Relation of smoking with carotid artery wall thickness and stenosis in older adults

The Cardiovascular Health Study

G. S. Tell, J. F. Polak, B. J. Ward, S. J. Kittner, P. J. Savage, John A Robbins

Research output: Contribution to journalArticle

112 Citations (Scopus)

Abstract

Background: Cigarette smoking has been associated with increased risk of atherosclerotic diseases in hospital-based studies and in studies of middle- aged populations but not in population-based studies of older adults with and without clinical cardiovascular disease. Methods and Results: We investigated the relation of smoking to carotid artery atherosclerotic disease, expressed as intimal-medial wall thickness and arterial lumen narrowing (stenosis) measured by ultrasound. Subjects were 5116 older adults participating in the baseline examination of the Cardiovascular Health Study, a community-based study of cardiovascular diseases in older age. With increased smoking there was significantly greater internal and common carotid wall thickening and internal carotid stenosis: current smokers>former smokers>never-smokers; for instance, the unadjusted percent stenosis was 24%, 20%, and 16%, respectively (P<.0001). A significant dose-response relation was seen with pack-years of smoking. These findings persisted after adjusting for other cardiovascular risk factors and were also confirmed when analyses were restricted to those without prevalent cardiovascular disease. The difference in internal carotid wall thickness between current smokers and nonsmokers was greater than the difference associated with 10 years of age among never-smoking participants (0.39 mm versus 0.31 mm). Among all participants, the prevalence of clinically significant (≥50%) internal carotid stenosis increased from 4.4% in never-smokers to 7.3% in former smokers to 9.5% in current smokers (P<.0001). Conclusions: These findings extend previous reports of a positive relation between smoking and carotid artery disease to a population-based sample of older adults using several different indicators of atherosclerotic disease.

Original languageEnglish (US)
Pages (from-to)2905-2908
Number of pages4
JournalCirculation
Volume90
Issue number6
StatePublished - 1994
Externally publishedYes

Fingerprint

Carotid Arteries
Pathologic Constriction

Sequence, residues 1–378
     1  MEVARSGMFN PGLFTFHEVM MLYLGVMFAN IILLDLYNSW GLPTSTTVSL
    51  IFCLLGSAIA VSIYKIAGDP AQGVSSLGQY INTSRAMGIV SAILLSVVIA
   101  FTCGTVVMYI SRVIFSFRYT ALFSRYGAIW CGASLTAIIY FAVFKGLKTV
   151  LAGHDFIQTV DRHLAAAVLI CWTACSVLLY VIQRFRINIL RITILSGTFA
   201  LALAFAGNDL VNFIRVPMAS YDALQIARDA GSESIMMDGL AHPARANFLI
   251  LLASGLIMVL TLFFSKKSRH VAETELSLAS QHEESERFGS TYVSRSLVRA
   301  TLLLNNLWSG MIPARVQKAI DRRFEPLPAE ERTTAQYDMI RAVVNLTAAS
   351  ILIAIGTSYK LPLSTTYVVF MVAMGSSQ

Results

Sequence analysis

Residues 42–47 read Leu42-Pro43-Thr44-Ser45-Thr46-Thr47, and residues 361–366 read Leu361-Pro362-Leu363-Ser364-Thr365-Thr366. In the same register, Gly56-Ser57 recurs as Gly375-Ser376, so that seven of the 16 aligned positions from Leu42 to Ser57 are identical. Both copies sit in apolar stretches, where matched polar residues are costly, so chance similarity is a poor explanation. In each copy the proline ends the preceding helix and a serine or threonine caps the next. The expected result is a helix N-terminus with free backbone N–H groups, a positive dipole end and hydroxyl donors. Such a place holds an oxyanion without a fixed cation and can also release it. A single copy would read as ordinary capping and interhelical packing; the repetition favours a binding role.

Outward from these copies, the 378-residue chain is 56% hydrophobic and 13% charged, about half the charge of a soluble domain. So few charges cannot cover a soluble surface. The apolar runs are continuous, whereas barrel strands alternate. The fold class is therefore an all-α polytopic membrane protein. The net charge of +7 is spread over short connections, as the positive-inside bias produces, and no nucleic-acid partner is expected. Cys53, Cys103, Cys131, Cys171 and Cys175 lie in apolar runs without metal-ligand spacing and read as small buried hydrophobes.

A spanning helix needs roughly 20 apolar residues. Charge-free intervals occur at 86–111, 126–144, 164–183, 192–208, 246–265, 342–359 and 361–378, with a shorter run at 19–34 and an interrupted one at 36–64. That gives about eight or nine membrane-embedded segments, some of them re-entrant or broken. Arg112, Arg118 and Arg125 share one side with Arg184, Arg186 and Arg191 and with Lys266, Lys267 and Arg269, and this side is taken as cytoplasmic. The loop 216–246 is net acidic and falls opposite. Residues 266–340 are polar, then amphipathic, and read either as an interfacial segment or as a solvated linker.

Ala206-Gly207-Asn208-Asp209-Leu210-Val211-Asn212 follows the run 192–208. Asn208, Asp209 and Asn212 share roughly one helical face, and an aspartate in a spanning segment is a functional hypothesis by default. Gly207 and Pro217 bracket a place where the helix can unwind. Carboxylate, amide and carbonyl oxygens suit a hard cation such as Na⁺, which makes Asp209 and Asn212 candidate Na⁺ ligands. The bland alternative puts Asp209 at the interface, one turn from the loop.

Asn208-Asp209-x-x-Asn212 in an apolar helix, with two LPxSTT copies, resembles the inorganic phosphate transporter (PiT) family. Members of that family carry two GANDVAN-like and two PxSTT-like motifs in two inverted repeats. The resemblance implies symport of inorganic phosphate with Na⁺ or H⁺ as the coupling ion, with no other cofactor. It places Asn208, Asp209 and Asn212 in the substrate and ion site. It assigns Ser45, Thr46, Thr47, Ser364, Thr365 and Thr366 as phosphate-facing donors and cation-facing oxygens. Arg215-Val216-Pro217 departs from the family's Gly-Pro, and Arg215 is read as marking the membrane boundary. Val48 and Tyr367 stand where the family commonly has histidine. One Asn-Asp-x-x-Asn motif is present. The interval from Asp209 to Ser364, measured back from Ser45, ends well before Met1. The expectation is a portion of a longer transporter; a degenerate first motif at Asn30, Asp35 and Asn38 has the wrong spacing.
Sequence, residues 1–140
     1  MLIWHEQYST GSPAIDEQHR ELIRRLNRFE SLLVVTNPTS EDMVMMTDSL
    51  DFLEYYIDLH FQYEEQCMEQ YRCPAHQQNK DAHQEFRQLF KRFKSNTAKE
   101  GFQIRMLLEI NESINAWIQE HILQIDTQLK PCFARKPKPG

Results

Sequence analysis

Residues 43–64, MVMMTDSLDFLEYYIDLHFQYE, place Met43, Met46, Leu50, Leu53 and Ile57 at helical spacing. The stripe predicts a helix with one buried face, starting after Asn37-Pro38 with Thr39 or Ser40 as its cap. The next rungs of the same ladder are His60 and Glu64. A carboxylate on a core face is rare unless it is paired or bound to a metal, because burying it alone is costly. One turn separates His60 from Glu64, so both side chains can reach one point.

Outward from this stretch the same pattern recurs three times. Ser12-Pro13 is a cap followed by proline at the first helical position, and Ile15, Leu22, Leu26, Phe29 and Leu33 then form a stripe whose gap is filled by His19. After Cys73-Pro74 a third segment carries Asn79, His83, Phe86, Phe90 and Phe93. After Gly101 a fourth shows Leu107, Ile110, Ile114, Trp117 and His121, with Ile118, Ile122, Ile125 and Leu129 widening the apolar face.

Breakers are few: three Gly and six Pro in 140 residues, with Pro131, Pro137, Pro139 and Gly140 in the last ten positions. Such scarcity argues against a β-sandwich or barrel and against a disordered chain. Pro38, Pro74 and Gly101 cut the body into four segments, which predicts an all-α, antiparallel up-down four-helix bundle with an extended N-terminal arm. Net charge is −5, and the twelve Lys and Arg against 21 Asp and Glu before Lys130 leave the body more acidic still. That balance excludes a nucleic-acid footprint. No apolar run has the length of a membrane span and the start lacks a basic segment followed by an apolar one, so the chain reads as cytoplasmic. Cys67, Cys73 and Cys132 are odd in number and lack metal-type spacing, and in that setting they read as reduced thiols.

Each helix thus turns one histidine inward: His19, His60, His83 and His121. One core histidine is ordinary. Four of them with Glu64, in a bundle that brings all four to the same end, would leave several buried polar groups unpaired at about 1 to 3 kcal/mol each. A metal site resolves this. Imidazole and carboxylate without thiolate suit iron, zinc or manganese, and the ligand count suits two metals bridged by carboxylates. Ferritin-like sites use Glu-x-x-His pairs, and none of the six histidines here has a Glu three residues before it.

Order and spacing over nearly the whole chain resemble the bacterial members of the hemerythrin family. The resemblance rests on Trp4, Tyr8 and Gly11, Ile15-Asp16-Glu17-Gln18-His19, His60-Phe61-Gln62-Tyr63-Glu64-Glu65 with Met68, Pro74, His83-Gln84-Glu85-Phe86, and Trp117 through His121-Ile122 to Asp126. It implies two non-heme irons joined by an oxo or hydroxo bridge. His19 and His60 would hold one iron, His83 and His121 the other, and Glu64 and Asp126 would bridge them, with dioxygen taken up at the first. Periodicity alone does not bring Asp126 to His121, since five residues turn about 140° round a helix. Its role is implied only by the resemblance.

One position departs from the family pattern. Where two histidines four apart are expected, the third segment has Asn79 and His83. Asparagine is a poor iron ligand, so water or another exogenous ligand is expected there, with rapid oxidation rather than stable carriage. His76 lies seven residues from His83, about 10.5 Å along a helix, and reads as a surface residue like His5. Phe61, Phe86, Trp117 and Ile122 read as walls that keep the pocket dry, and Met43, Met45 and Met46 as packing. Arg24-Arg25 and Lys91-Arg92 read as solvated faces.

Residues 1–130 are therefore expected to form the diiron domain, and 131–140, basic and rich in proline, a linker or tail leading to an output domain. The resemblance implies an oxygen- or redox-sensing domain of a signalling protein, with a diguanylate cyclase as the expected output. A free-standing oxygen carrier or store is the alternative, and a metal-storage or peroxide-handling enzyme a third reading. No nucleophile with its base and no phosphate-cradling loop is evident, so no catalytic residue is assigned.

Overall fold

Smoking
Carotid Artery Diseases
Health
Cardiovascular Diseases
Carotid Stenosis
Tunica Intima
Population

Keywords

  • atherosclerosis
  • carotid arteries
  • smoking
  • stenosis

ASJC Scopus subject areas

  • Physiology
  • Cardiology and Cardiovascular Medicine

Cite this

Tell, G. S., Polak, J. F., Ward, B. J., Kittner, S. J., Savage, P. J., & Robbins, J. A. (1994). Relation of smoking with carotid artery wall thickness and stenosis in older adults: The Cardiovascular Health Study. Circulation, 90(6), 2905-2908.

Relation of smoking with carotid artery wall thickness and stenosis in older adults : The Cardiovascular Health Study. / Tell, G. S.; Polak, J. F.; Ward, B. J.; Kittner, S. J.; Savage, P. J.; Robbins, John A.

In: Circulation, Vol. 90, No. 6, 1994, p. 2905-2908.

Research output: Contribution to journalArticle

Tell, GS, Polak, JF, Ward, BJ, Kittner, SJ, Savage, PJ & Robbins, JA 1994, 'Relation of smoking with carotid artery wall thickness and stenosis in older adults: The Cardiovascular Health Study', Circulation, vol. 90, no. 6, pp. 2905-2908.
Tell, G. S. ; Polak, J. F. ; Ward, B. J. ; Kittner, S. J. ; Savage, P. J. ; Robbins, John A. / Relation of smoking with carotid artery wall thickness and stenosis in older adults : The Cardiovascular Health Study. In: Circulation. 1994 ; Vol. 90, No. 6. pp. 2905-2908.
@article{30b8b718da98465887e4e3fb4c637961,
title = "Relation of smoking with carotid artery wall thickness and stenosis in older adults: The Cardiovascular Health Study",
abstract = "Background: Cigarette smoking has been associated with increased risk of atherosclerotic diseases in hospital-based studies and in studies of middle- aged populations but not in population-based studies of older adults with and without clinical cardiovascular disease. Methods and Results: We investigated the relation of smoking to carotid artery atherosclerotic disease, expressed as intimal-medial wall thickness and arterial lumen narrowing (stenosis) measured by ultrasound. Subjects were 5116 older adults participating in the baseline examination of the Cardiovascular Health Study, a community-based study of cardiovascular diseases in older age. With increased smoking there was significantly greater internal and common carotid wall thickening and internal carotid stenosis: current smokers>former smokers>never-smokers; for instance, the unadjusted percent stenosis was 24{\%}, 20{\%}, and 16{\%}, respectively (P<.0001). A significant dose-response relation was seen with pack-years of smoking. These findings persisted after adjusting for other cardiovascular risk factors and were also confirmed when analyses were restricted to those without prevalent cardiovascular disease. The difference in internal carotid wall thickness between current smokers and nonsmokers was greater than the difference associated with 10 years of age among never-smoking participants (0.39 mm versus 0.31 mm). Among all participants, the prevalence of clinically significant (≥50{\%}) internal carotid stenosis increased from 4.4{\%} in never-smokers to 7.3{\%} in former smokers to 9.5{\%} in current smokers (P<.0001). Conclusions: These findings extend previous reports of a positive relation between smoking and carotid artery disease to a population-based sample of older adults using several different indicators of atherosclerotic disease.",